I post this car knowing full well it must have some sort of problematic history attached to it, but I’ve yet to be able to figure out of what that history consists. Or perhaps the problem simply is that its history has proved too difficult to trace? Either way, this paint-to-sample Salmon Metallic 1976 Porsche 930 Turbo Carrera has been for sale for too long at what should be a reasonable price for there not to be something going on in its past that has dissuaded buyers from pursuing it. That it’s currently for sale by a dismantler, while somewhat curious, isn’t of significant concern to me at the moment since I’ve seen this car for sale through other sellers. It was even on auction back in 2015 at the Mecum Anaheim auctions and bid higher than the asking price here so someone was once interested enough. So what’s the situation?
Model: 911 Turbo Carrera
Engine: 3.0 liter turbocharged flat-6
Transmission: 4-speed manual
Mileage: 73,093 mi
Price: $139,999.95 Buy It Now
Here is a original Porsche 930 1976 3.0L Turbo in a rare paint to match Salmon Metallic.
Just over 73000 miles, runs and drives with no issues.
COA in hand. Original radio,tools, and AC compressor will be included.
Inspections are more than welcomed.
Feel free to call or email us at,
Los Angeles Dismantler
9819 Glenoaks Bvld
Sun Valley CA 91352
Of course, everything here will come down to what price makes sense. This 930 was originally listed at $150K and that has now dropped to $140K so the seller clearly is willing to negotiate, though how much they’re willing to drop is something we’ll have to see. A full inspection is in need, but this Turbo is said to run with no issues. Other than lacking a little cleaniness here and there it looks in good shape. Not great, but good enough to know that a proper detailing should easily correct those problems. The seats pretty clearly look to have been reupholstered and it is safe to assume it’s been repainted. I suppose the worst case scenario is significant accident history or flood damage, but again this is where we’re in the dark and it’s where an inspection should provide clues.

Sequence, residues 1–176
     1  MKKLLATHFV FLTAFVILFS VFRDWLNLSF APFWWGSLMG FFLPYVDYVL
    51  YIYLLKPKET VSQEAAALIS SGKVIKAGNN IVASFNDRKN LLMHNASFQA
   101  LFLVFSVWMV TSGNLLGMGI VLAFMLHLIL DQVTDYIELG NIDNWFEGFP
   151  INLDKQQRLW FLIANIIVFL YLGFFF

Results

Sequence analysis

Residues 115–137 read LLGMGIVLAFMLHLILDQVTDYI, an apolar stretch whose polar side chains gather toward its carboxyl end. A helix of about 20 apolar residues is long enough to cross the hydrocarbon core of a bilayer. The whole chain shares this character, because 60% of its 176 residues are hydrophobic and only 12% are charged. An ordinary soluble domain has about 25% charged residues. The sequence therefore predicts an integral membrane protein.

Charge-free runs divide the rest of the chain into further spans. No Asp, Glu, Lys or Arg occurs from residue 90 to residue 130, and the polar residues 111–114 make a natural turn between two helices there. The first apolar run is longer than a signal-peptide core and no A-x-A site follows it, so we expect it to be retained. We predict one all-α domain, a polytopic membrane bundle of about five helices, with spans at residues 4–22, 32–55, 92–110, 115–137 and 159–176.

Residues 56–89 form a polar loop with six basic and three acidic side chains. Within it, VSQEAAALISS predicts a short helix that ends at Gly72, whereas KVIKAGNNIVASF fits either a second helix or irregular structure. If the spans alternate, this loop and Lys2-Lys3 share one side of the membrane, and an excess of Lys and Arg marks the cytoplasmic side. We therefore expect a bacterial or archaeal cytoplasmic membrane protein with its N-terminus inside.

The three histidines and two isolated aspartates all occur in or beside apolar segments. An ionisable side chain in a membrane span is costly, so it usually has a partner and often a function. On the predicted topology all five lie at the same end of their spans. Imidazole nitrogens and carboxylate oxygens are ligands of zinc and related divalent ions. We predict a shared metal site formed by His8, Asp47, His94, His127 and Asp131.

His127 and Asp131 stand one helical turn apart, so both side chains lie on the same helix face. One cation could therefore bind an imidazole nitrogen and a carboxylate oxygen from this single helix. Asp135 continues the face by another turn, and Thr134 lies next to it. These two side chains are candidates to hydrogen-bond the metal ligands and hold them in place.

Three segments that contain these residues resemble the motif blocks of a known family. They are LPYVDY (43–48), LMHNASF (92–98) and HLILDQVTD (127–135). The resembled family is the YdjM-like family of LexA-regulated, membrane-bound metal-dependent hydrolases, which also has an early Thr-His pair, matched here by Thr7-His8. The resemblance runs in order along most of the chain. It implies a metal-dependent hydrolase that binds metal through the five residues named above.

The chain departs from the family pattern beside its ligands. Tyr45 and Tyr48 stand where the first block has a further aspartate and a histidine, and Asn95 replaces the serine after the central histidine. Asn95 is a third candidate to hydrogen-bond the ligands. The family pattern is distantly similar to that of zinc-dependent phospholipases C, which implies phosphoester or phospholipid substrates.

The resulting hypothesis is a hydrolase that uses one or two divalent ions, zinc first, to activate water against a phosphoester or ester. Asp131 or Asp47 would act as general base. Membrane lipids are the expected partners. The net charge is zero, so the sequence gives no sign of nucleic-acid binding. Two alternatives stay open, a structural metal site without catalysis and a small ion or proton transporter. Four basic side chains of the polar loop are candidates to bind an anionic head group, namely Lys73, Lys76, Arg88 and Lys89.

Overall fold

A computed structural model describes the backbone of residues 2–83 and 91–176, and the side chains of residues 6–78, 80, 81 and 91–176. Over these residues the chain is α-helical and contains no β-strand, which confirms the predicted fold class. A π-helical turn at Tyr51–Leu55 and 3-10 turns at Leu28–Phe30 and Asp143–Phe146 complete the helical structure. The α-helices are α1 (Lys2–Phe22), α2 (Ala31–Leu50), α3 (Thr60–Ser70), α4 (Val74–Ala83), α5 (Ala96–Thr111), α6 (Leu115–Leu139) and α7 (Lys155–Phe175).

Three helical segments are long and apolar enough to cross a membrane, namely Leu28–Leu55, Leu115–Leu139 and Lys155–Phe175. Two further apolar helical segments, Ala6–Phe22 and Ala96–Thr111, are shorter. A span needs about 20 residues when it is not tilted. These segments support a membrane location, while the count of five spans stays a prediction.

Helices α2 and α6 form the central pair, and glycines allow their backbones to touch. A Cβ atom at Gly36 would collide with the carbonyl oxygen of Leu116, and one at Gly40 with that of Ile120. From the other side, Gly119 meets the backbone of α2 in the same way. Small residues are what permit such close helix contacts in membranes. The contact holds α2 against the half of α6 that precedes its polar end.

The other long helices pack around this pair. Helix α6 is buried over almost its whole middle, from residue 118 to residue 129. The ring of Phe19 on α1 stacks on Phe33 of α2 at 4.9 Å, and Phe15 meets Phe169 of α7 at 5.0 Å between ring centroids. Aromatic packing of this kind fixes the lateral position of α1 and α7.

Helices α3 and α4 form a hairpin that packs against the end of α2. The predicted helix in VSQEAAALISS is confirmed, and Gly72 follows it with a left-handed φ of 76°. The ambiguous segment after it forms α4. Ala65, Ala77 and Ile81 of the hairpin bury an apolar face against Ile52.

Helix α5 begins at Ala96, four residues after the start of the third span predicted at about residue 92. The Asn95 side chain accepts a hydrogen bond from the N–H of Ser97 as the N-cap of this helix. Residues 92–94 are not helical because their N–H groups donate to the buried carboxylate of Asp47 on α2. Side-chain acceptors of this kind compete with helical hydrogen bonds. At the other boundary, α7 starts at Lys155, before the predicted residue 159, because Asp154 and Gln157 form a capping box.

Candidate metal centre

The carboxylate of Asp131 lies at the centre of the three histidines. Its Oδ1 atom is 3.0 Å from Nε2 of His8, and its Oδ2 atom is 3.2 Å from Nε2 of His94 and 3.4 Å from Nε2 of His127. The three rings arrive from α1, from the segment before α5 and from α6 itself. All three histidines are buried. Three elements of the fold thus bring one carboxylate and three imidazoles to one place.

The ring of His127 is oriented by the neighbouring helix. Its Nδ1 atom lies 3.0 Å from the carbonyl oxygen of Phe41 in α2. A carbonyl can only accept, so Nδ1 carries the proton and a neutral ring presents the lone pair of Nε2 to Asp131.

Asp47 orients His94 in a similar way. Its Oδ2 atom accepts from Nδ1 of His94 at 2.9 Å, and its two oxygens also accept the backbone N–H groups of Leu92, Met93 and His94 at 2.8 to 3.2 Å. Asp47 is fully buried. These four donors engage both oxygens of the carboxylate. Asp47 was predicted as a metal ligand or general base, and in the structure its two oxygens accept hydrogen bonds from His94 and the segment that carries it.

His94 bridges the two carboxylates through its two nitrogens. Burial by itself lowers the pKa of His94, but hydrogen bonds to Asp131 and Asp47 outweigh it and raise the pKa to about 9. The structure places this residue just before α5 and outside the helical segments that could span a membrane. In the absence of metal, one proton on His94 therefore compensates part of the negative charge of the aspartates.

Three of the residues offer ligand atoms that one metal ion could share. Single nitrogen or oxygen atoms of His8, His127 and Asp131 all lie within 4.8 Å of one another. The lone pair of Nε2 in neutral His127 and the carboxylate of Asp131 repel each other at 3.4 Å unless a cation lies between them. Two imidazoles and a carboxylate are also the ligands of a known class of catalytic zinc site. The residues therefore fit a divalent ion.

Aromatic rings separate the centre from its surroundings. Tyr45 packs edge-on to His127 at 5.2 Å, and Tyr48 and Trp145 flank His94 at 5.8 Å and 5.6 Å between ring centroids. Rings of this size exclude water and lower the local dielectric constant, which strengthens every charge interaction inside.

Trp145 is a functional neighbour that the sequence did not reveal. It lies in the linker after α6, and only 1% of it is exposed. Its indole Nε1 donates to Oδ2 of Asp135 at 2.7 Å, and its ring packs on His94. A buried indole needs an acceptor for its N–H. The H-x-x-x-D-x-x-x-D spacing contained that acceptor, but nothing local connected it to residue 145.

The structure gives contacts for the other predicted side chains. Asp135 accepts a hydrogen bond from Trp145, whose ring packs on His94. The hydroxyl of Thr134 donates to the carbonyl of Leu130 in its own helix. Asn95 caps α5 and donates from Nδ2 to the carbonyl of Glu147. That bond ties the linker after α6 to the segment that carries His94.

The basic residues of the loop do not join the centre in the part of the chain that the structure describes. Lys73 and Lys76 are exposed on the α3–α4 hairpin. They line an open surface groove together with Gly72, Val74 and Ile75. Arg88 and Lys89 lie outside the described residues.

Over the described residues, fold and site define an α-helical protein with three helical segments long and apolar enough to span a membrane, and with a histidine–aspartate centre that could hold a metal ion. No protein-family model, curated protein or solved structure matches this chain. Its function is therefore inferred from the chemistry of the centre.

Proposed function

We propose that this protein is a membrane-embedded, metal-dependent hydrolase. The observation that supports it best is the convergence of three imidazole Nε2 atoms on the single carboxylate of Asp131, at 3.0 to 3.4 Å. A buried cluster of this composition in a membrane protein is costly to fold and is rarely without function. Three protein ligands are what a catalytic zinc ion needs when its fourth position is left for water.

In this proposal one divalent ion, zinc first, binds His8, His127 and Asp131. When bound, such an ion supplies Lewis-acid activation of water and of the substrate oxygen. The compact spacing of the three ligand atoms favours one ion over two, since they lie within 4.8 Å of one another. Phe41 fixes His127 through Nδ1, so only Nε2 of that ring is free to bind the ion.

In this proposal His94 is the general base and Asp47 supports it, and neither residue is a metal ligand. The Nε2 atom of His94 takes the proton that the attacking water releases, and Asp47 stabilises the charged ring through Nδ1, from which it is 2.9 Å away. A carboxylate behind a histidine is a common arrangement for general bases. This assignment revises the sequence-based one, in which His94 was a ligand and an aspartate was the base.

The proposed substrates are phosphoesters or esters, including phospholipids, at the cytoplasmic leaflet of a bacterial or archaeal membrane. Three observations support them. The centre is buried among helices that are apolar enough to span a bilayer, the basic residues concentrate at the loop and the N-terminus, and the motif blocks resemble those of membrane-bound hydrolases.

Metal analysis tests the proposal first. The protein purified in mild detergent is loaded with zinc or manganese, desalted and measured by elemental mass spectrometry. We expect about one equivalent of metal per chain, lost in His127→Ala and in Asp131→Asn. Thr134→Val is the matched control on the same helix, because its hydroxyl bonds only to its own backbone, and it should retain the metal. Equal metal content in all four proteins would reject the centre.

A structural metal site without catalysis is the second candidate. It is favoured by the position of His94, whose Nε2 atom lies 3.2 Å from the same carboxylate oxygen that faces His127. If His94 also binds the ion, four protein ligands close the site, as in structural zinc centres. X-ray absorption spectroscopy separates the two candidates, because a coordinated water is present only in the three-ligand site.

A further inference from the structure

I suppose the point here is that many of the more nefarious problems may not be present with this 930. Given that so many of the high prices we see are dictated by the collector market, then a 930 with little collector appeal – and given its time on market that seems to be the case here – should come in well under those high prices. Granted, someone simply on the market for a 930 definitely can find one cheaper by looking at the 1986-1988 model years. There are plenty of those available under $100K. But these early examples, especially the ’76, are much more difficult to come by and for the buyer who truly desires one the necessary legwork could be very worthwhile. This is a rare and interesting example of the 3.0-liter Turbo and maybe it still has plenty of life left in it. And who knows maybe it too can be had for under $100K.
Colors I’ve never come across will always draw extra attention. On an early 930, I know I’m hooked. So what do we have here? It’s a 1977 Porsche 930 Turbo Carrera in paint-to-sample Gazelle Metallic with a nice looking and contrasting Dark Brown leather interior. The CoA hasn’t been provided here so we lack that verification, but the rarity of the color seems hard to doubt. And, really, what better way to paint a sports car than as a gazelle? Avoid the lions and you’re sure to make spirited progress! Like the Copper Brown Metallic 930 we saw last week the colors here are very much a period-correct combination, and in this case perhaps even more so. Yet each also possesses enough charm to help it excel even outside of its original vintage. This one is not quite gold, not quite brown. It is not quite like any other color I’ve seen.